When it comes to raising capital for a company or business, there is a set number of ways that you can go about it. For the longest time, individuals sought backers willing to put money in for a possible profit down the road. The internet completely changed this dynamic with the introduction of crowdfunding. For the first time, individuals had the power to put in their own money towards kick starter projects.
So, how have these crowdfunding projects gone? Lets take a look at some of the worst, and the best crowdfunding projects out there.
The Worst: The Kobe Red Incident
One of the most well known failures of crowdfunding was the Kobe Red. Individuals in this kick starter company attempted to raise money for 100% Japanese Beer Fed Kobe Beef Jerky. Surprisingly enough, over $120,000 worth of funds were raised for this venture. What is even more shocking is that the original goal was merely $2,374. Before the kick starter was shut down (mere hours before it was over), red flags prompted people in charge of the website to begin investigating. Though Kobe Red was never found out to be a scam, it did raise enough red flags to stop the project, returning everyone’s money.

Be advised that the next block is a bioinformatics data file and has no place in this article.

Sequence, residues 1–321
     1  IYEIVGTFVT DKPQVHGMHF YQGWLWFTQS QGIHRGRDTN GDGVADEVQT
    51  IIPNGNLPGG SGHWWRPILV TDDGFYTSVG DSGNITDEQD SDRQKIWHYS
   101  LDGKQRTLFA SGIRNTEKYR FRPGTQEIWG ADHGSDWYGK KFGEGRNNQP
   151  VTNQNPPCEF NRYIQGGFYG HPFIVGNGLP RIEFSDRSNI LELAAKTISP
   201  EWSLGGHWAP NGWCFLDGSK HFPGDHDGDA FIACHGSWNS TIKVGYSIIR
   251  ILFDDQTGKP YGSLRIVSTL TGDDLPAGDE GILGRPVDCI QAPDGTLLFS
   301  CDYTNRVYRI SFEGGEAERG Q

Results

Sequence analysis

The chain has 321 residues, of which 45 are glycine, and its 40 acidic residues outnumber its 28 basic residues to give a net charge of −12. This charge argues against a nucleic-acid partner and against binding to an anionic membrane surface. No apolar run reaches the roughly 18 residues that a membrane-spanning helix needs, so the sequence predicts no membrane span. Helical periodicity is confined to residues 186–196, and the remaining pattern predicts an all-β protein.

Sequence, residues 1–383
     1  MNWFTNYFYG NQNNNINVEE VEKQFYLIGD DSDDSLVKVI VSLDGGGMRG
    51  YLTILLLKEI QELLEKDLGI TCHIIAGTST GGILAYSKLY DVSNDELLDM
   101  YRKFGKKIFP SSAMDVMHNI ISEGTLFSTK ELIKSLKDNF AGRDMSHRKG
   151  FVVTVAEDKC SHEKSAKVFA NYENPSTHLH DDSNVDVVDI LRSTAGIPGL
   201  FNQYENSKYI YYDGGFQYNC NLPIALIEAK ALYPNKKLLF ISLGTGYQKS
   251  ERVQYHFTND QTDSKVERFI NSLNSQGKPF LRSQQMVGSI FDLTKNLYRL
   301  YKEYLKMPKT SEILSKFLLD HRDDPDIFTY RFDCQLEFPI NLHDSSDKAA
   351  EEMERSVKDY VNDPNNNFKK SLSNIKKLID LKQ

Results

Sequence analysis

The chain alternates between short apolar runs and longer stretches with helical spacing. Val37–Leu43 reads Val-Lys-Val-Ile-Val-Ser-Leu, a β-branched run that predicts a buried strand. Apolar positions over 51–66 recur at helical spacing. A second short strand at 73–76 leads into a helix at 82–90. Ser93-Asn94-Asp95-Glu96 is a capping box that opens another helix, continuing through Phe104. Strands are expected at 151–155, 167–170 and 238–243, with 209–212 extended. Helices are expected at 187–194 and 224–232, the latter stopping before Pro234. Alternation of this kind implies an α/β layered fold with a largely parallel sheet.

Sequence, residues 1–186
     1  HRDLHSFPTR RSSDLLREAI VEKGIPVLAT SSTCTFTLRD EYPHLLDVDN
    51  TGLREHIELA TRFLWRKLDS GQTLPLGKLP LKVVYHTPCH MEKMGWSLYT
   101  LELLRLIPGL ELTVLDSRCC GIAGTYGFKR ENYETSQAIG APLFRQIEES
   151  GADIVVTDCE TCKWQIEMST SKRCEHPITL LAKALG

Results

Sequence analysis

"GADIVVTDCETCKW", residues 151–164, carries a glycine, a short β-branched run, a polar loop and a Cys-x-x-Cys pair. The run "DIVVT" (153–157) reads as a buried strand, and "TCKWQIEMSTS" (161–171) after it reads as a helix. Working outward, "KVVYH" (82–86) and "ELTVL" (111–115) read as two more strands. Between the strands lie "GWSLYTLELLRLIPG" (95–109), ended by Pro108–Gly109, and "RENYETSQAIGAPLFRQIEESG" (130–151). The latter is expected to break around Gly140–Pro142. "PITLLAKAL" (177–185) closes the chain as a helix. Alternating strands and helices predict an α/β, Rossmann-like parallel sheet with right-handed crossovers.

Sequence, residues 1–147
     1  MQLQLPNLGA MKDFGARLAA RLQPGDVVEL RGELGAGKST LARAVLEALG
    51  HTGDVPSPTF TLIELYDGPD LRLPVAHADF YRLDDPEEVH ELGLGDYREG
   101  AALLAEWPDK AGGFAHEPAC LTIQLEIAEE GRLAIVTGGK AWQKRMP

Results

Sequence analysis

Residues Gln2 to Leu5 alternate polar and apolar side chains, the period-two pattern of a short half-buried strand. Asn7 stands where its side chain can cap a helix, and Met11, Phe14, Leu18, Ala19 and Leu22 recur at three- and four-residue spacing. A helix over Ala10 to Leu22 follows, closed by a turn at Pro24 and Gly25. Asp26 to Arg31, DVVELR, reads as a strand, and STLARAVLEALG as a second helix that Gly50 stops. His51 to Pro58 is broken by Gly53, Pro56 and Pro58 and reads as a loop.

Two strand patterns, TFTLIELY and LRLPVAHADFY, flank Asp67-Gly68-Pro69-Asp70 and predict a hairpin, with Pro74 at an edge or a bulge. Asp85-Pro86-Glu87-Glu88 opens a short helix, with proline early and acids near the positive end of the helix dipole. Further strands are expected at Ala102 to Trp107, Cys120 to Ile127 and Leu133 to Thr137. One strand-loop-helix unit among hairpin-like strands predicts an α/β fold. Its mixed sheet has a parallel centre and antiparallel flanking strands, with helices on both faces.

Additional worst crowd funding ventures include Mythic: The Story of Gods and Men, and Eyez,by Zion Eyes. Both projects made ambitious promises without having the necessary technical expertise to carry out their plans. The end result was failed kick starters.
The Best: Ouya Success Story
During a time when the next generation of video game console’s offered less flexibility and limited settings, a group of entrepreneurs took it upon themselves to give gamers what they wanted. The Ouya video game console is just that. Allowing any developer to construct and build games for the console, Ouya represents a refreshing contrast to the established gaming consoles which can charge hundreds for the right to design games for the console. In addition, it offered may exciting things like a controlled with a touch pad. Where as Ouya originally tried to raise $950,000, they managed to raise a whopping 8.6 million dollars. In doing so, they proved that crowdfunding could be a way for people to create what they want, and not what some corporation is telling them is good.
Additional success stories include the Veronica Mars Movie Project, and the Pebble. Both set realistic goals and worked to provide people with what they wanted.